- People suffering from some disabilities are exempted from standing up for the national anthem.
- The Supreme Court directed the government to make a final list and submit it by Friday.
The Supreme Court has exempted some people from standing up for the national anthem at cinema halls. The country’s top court included 10 categories which are listed as disabilities. Those who fall under this can be seated when the national anthem is being played.
According to sources, the Supreme Court has approved the government’s nominated list of disabilities. The Union ministry of social justice and empowerment now has to decide if other categories can be included in the list.
So far, people suffering from multiple sclerosis, Parkinson’s disease, autism, locomotive disease, muscular dystrophy, cerebral palsy, day blindness, hearing loss, leprosy-cured people and those with intellectual disability (learning disorders) can remain seated.
For those who are differently-abled, this is a much needed, much welcome move. While this list does include some categories in which the disability is evident, it remains to be seen how people will react to those who suffer from conditions that aren’t obvious.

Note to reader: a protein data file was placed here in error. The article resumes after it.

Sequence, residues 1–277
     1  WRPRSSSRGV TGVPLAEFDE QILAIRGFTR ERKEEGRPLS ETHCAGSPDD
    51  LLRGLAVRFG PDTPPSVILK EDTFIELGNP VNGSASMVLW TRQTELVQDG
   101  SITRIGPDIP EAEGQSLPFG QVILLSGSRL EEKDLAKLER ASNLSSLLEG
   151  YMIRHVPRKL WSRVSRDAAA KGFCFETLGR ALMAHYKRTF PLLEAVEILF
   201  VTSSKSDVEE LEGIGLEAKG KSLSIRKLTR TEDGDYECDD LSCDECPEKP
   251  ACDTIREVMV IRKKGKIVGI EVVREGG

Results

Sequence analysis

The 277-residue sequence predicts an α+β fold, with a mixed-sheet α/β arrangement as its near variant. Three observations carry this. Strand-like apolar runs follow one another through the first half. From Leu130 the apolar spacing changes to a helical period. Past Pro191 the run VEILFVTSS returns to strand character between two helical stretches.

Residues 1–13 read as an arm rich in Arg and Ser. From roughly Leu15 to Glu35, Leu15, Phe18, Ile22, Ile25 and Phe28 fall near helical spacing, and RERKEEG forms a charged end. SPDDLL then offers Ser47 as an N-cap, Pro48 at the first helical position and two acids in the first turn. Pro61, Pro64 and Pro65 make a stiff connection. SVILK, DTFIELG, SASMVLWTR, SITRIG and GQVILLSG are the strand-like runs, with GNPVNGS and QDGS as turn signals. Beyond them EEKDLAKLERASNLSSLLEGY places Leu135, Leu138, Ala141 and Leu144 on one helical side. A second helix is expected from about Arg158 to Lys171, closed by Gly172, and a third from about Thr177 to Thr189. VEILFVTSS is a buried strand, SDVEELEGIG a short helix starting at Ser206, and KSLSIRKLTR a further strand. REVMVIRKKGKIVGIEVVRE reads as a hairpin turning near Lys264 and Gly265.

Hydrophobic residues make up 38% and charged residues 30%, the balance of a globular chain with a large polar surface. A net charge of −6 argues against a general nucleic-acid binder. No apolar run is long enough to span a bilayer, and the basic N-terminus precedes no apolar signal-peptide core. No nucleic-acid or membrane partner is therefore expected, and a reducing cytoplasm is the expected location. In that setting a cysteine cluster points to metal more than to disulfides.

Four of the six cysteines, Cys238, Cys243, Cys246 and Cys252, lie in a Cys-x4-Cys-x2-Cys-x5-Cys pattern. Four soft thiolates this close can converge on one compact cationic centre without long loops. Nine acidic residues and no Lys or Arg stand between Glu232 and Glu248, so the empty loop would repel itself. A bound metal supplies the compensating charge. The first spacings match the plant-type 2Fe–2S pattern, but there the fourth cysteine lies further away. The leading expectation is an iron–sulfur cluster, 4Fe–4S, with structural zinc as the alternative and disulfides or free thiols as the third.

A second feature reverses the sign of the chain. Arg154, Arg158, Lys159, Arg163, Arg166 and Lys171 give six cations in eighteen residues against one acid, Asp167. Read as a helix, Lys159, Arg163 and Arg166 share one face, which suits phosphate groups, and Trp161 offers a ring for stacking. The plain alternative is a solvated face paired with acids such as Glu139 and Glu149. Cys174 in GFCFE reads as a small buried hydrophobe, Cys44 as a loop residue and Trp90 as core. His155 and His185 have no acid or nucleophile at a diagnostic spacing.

For instance, a disability like multiple sclerosis has no external symptoms in some cases. Similarly, a person suffering from Parkinson’s disease may not experience extreme tremors if they are on medication. Until now, those who suffer from disabilities that aren’t pronounced have remained standing for fear of being bullied or attacked in a cinema hall.
The Supreme Court’s order to play the national anthem at cinema halls was received with mixed responses. Many factions of the society viewed it as forced nationalism while others saw it as a matter of pride. In its November 30th order, the Supreme Court noted, “The people should stop following individual notions of freedom and have a sense of committed patriotism.”
Sources told The Daily Mail that the government will inform the High Court and the Supreme Court before sending a final circular by May 12. Playing the national anthem at cinema halls has been an on-off tradition in India since the 1960s. Rules regarding the national anthem in theatres have changed depending on the party that forms the government in New Delhi,
Last Updated 31, Mar 2018, 6:43 PM